Dashiki Dialogues: Honour thy Sunday lunch

2012-03-16 12:08

I recently got into trouble on Facebook for asking whether the current generation of township mothers – or homemakers, to be PC – had abandoned the Sunday lunch as a family building exercise.

Maybe my wording was a little rough and untidy. Anyway, here’s how the story went.

I’d been visiting a friend in Mabopane, Tshwane. After a long jovial day that included back-and-forth strolls from the local shops, we observed a very interesting fact.

Though it was a Sunday, not once had we picked up any indication of cooking in the air. No burning meat, no spices, nothing we grew up knowing as the scent of Sunday ekasi.

However, though our observation had us figure that fewer mothers were cooking, which meant less families were sitting together to share meals and take stock of their condition, we noticed there were a whole lot of people coming to and from the spaza shops to buy some “sphatlhos”, or kotas.

Ok, white people, in case you are confused, sphatlho refers to a food item that is black people’s answer to what Indians call a bunny chow.

It’s a quarter of a loaf of bread stuffed with all sorts of treats like cheese, vienna, chips and atchar. Now if you don’t know what atchar is, I’ll have to give up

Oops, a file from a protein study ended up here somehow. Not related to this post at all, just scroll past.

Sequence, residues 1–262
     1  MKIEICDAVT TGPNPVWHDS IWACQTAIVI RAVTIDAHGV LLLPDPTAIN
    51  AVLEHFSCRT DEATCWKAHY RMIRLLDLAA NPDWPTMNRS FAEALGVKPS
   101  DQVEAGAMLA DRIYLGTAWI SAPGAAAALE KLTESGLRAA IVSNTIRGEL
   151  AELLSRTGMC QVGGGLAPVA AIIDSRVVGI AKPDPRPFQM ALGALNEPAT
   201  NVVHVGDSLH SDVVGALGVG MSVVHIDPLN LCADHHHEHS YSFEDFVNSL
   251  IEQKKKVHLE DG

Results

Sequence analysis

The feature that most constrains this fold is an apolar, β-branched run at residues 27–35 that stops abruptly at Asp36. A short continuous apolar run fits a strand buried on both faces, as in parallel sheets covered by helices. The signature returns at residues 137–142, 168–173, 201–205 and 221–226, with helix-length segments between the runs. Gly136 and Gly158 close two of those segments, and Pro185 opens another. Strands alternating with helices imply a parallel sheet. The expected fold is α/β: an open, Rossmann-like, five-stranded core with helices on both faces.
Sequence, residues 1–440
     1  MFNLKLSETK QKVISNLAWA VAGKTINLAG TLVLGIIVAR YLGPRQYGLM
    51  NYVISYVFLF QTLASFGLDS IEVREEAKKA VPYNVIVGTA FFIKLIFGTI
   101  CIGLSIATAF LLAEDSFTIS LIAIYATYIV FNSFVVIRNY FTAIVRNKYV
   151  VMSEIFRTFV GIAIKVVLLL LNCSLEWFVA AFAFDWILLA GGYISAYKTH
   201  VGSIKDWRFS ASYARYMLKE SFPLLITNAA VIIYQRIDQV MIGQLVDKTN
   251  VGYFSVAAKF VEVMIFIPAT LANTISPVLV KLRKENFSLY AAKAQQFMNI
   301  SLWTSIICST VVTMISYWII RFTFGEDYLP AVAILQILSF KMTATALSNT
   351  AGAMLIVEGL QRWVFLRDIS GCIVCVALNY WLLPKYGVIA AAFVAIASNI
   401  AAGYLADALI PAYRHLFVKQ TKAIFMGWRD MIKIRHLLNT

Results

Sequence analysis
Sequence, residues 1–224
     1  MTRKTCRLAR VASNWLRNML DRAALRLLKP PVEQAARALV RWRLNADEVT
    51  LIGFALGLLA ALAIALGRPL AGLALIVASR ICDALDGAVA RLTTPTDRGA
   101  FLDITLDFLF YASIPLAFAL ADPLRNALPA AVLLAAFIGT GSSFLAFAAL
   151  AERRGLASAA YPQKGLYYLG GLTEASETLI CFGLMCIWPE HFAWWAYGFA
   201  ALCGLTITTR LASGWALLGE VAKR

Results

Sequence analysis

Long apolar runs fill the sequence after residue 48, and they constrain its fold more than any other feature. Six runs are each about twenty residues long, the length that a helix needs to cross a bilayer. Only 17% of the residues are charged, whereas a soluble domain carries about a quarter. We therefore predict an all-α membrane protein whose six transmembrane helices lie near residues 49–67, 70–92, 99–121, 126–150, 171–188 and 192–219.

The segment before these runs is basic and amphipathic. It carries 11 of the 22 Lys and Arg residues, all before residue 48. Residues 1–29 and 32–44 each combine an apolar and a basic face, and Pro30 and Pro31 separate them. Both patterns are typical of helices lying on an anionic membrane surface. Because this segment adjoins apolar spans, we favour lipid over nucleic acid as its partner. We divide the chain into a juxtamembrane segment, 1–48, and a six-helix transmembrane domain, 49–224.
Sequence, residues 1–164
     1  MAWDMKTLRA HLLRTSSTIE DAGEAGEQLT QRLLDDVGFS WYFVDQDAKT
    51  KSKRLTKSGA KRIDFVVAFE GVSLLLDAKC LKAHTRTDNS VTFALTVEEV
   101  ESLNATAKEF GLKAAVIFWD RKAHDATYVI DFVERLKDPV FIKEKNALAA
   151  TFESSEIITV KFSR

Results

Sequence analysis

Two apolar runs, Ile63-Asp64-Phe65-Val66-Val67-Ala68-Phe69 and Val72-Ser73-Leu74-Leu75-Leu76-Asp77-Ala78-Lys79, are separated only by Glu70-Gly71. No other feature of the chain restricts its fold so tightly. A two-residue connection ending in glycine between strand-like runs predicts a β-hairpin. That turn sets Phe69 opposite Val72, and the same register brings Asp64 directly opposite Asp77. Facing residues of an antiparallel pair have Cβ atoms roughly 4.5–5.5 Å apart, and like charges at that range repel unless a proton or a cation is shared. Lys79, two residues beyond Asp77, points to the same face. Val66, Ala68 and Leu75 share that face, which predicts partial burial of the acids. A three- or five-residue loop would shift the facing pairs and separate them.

on you.

Anyway, my Facebook people came down hard on me for sharing these observations. It was like I aired the family’s dirty laundry in public. A female acquaintance even said I was offensive and out of line.

Another pointed out that while I was busy sticking my nose in Mabopane’s business, I wasn’t home with my family enjoying that sacrosanct meal. Well touché, amigo.

The fervour of these responses told me that I was on to something. It seems people care a great deal about these things.

These aren’t just simple meals or get-togethers with aunts and gogos. Sunday lunch is an important ritual at the heart of people’s identities.

We all know how your mum, granny or aunt could quickly sniff out a new bad habit, new girlfriend or even drugs just by observing you across the table as you sat there munching away on a piece of chicken.

The wrath of my Facebook friends betrayed their fear at losing these apparently mundane, yet critical institutions. And it’s justifiable.

Unless we sustain everyday rituals that bring guardians and minors together for regular rigorous dialogues, ours will be a future of lost dashikis.

» Follow me on Twitter @Percy_Mabandu

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